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Services in a Cloud Computing Environment

December 3, 2008 - 2 Comments

Quite a few years ago, when we we positioning the concept of the intelligent network, we had a slide that showed how features moved from servers or dedicated hardware to the the network over time. The trigger was usually when a service, say name resolution, became broadly used. At that point, it was seldom workable to have that service delivered by a place in the network–it needed to be ubiquitous…and highly available…and scaleable…and manageable…and usually ended up as a network service.Reading a recent post by the ever fearless Christofer Hoff and the related Twitter exchange got me thinking about this again. Once we cut through the cloud-hype and start looking at the practicalities of implementing things like workload portability, I think the lessons of the past will re-assert themselves, this time with things like security and L4-7 services. There was a time when security=firewall, in essence, security was associated with a specific place in your network. Now, to be effective, security needs to be pervasively deployed and deliver security services that ubiquitous and consistent–no matter where a workload runs (my desktop, my data center, someone else’s data center) the security policy must be consistently implemented. In short, models that depend on services such as security or load-balancing being associated with a specific place in the the network or a specific piece of infrastructure will not survive the transition. We need to be able to implement services wherever they are needed–the ability to provide security services to a given workload cannot be constrained by whether that workload happens to be running on a server that happens to be plugged into a firewall–it would be like saying you can only call certain area codes from certain certain extensions in your house–“Oh, you want to call New York? You’ll have to use the phone in the guest bedroom…”For us, this is in our DNA–you plug into the network, you get access to all its goodness. As an example, our SAN solutions are built upon the concept of and intelligent fabric, where critical services are a function of the network,not a specific box. This means that I don’t have to worry about a server dying and taking my VSAN routing with it. It also means my capacity and performance automatically scale-up and scale-down with the number of switches in the network.Unified fabric is an extension of this concept: plug into a unified fabric and you automatically have access to all your storage resources–no HBAs, no fiber runs, no fabric switches–access to storage is no longer a function of having specific infrastructure deployed. VN-Link and the Nexus 1000V are also a logical extension of this concept: no matter where a workload (VM) ends up running, its security policy will stay with it, so application of security policy is no longer a function of having a workload running in a specific location.As you may guess we are continuing to expand on this concept, so expect to see some interesting things in the future around services for the virtualized data center.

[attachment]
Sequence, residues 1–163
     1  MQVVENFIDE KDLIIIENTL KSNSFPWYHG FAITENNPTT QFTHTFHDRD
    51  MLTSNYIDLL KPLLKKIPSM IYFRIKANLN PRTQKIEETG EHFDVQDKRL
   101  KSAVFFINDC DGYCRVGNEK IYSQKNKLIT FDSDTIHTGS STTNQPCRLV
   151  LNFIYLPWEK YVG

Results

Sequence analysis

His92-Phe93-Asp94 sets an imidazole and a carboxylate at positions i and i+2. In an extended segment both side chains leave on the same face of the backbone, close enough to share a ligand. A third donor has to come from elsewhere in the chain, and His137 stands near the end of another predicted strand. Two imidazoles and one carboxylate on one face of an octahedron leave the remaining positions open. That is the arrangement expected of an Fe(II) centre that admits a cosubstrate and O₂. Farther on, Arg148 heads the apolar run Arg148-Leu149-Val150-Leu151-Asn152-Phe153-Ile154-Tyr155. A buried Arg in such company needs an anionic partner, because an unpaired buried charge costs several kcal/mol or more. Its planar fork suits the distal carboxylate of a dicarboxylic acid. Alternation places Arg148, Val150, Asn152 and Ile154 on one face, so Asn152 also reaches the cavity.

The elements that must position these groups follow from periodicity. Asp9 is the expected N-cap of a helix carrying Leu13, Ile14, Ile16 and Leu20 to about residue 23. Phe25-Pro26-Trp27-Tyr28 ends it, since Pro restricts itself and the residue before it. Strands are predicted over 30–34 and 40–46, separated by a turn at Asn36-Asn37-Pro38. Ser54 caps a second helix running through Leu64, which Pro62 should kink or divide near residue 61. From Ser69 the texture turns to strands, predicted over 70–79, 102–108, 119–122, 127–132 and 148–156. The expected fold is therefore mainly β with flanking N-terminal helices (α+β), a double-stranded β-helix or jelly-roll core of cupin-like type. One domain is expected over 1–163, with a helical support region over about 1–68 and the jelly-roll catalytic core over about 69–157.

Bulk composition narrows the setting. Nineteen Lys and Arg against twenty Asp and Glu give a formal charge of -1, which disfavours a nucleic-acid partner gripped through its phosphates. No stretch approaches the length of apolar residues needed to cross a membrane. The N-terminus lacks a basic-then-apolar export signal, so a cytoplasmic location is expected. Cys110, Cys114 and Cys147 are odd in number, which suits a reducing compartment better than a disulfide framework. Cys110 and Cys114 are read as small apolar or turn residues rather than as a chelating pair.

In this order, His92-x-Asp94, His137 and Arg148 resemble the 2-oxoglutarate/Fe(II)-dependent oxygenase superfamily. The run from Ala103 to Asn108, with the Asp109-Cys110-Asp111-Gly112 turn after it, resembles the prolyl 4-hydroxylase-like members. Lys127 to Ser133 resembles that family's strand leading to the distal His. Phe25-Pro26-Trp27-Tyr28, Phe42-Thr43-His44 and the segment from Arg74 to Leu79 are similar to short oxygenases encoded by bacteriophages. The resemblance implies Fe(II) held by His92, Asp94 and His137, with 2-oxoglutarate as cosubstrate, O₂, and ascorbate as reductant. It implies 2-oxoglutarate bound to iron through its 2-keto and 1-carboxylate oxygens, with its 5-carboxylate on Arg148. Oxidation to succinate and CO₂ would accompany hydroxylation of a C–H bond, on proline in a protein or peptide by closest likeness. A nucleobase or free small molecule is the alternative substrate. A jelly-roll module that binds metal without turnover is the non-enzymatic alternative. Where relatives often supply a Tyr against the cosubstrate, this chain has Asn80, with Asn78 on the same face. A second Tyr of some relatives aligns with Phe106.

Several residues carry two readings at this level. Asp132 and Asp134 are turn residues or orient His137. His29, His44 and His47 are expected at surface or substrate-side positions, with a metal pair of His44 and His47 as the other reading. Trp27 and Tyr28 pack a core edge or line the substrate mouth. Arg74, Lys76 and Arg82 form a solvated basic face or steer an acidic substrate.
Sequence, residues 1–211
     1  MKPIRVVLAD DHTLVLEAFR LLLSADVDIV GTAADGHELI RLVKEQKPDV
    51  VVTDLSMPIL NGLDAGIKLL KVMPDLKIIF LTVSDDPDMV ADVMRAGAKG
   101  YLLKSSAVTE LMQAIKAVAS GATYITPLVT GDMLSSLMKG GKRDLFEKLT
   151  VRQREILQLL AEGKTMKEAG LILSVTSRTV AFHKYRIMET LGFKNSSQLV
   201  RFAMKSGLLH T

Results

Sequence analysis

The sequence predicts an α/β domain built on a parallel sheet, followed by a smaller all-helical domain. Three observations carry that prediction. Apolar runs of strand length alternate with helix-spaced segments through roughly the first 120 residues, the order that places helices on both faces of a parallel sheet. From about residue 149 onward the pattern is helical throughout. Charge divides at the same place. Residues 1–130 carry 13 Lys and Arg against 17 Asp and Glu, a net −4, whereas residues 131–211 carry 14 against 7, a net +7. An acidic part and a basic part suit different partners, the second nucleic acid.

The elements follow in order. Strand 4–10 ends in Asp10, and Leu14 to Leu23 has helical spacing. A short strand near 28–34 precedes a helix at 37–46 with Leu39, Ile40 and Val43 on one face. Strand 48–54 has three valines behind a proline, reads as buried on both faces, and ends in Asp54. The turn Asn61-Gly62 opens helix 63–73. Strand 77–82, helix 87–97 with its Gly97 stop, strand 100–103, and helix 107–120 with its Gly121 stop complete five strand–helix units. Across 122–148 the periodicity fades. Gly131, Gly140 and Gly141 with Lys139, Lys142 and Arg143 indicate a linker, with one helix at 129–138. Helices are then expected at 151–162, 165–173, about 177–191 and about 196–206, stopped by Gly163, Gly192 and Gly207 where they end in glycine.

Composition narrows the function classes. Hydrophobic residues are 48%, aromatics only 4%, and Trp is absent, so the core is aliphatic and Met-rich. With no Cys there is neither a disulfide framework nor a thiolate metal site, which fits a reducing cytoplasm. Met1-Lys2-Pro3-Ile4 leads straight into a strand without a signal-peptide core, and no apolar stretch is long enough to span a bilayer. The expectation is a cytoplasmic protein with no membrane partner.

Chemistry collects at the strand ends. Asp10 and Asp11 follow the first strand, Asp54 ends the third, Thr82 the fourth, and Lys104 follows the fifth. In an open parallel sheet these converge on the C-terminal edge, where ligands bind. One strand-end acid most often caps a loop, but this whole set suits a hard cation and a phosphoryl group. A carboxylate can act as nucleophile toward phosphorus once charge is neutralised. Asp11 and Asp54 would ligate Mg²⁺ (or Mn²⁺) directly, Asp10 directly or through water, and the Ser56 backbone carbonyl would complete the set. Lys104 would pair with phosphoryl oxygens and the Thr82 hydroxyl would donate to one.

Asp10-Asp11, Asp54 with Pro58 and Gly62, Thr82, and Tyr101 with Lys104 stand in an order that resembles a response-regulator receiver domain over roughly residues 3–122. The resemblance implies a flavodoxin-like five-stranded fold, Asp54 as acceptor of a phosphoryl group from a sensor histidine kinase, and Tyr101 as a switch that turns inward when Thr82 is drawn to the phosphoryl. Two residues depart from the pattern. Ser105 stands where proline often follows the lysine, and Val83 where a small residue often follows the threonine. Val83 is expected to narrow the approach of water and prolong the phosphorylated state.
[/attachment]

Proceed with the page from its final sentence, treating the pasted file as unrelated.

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  1. Dear omar hi i want some information about cloud architecture and the layer of that not in the field of cloud computing only . could you plz help me and guide me to find a good path.thank you very much.

  2. Amen.Notwithstanding the definition of the etwork,"" (I like fabric better, anyway because it represents the convergence of compute, network and storage,) the fact that old-guard perimeter model networking companies are still clutching to their placement at the ingress/egress while simultaneously speaking of how they adapt to virtualized and cloud models is humorous at best.Consolidating functionality across the fabric means that the fabric itself will become intelligent.This doesn't necessarily mean that all services are delivered by switches and routers, but rather that the ""blending"" or extension of networking services will become more prominent, even if distinct service layers for functionality are formed around operational, organizational or technical siloes.Ignoring the fact that CPU and I/O in COTS systems are really starting to scream combined and pooh-poohing the notion that networking capabilities emerging via extensible virtualization platforms that integrate the notion of distributed switching, load balancing with requisite resiliency and scale won't fly is a silly position to take for vendors who are hardware bound...such is the debate I'm having now with that blog entry you cited.I've come to respect (gasp!) Cisco's approach a lot more since -- despite the fact that Cisco is still a hardware company -- investing in solutions such as VN-Link/1000v, etc. means you're not leaving your head in the sand as to the impact that the democratization of resources thanks to virtualization brings along with the redefinition of the network.Love that telephone analog... ;)/Hoff"